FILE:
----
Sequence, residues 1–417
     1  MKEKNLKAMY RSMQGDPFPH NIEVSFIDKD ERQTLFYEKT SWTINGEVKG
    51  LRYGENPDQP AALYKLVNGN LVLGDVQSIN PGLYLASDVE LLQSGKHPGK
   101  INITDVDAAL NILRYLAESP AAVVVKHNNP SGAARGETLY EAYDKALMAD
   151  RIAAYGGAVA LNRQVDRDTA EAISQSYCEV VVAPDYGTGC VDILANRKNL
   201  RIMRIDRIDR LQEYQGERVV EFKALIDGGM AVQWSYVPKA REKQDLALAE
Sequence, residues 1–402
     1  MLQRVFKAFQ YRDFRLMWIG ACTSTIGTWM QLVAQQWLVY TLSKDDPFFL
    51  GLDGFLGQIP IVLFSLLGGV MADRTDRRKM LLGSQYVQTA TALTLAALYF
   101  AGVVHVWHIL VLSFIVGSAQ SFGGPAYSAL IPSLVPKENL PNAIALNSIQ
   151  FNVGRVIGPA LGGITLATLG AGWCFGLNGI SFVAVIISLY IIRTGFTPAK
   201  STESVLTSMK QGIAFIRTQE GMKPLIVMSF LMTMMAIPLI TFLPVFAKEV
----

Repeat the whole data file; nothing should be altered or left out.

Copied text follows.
Sequence, residues 1–417
     1  MKEKNLKAMY RSMQGDPFPH NIEVSFIDKD ERQTLFYEKT SWTINGEVKG
    51  LRYGENPDQP AALYKLVNGN LVLGDVQSIN PGLYLASDVE LLQSGKHPGK
   101  INITDVDAAL NILRYLAESP AAVVVKHNNP SGAARGETLY EAYDKALMAD
   151  RIAAYGGAVA LNRQVDRDTA EAISQSYCEV VVAPDYGTGC VDILANRKNL
   201  RIMRIDRIDR LQEYQGERVV EFKALIDGGM AVQWSYVPKA REKQDLALAE
Sequence, residues 1–402
     1  MLQRVFKAFQ YRDFRLMWIG ACTSTIGTWM QLVAQQWLVY TLSKDDPFFL
    51  GLDGFLGQIP IVLFSLLGGV MADRTDRRKM LLGSQYVQTA TALTLAALYF
   101  AGVVHVWHIL VLSFIVGSAQ SFGGPAYSAL IPSLVPKENL PNAIALNSIQ
   151  FNVGRVIGPA LGGITLATLG AGWCFGLNGI SFVAVIISLY IIRTGFTPAK
   201  STESVLTSMK QGIAFIRTQE GMKPLIVMSF LMTMMAIPLI TFLPVFAKEV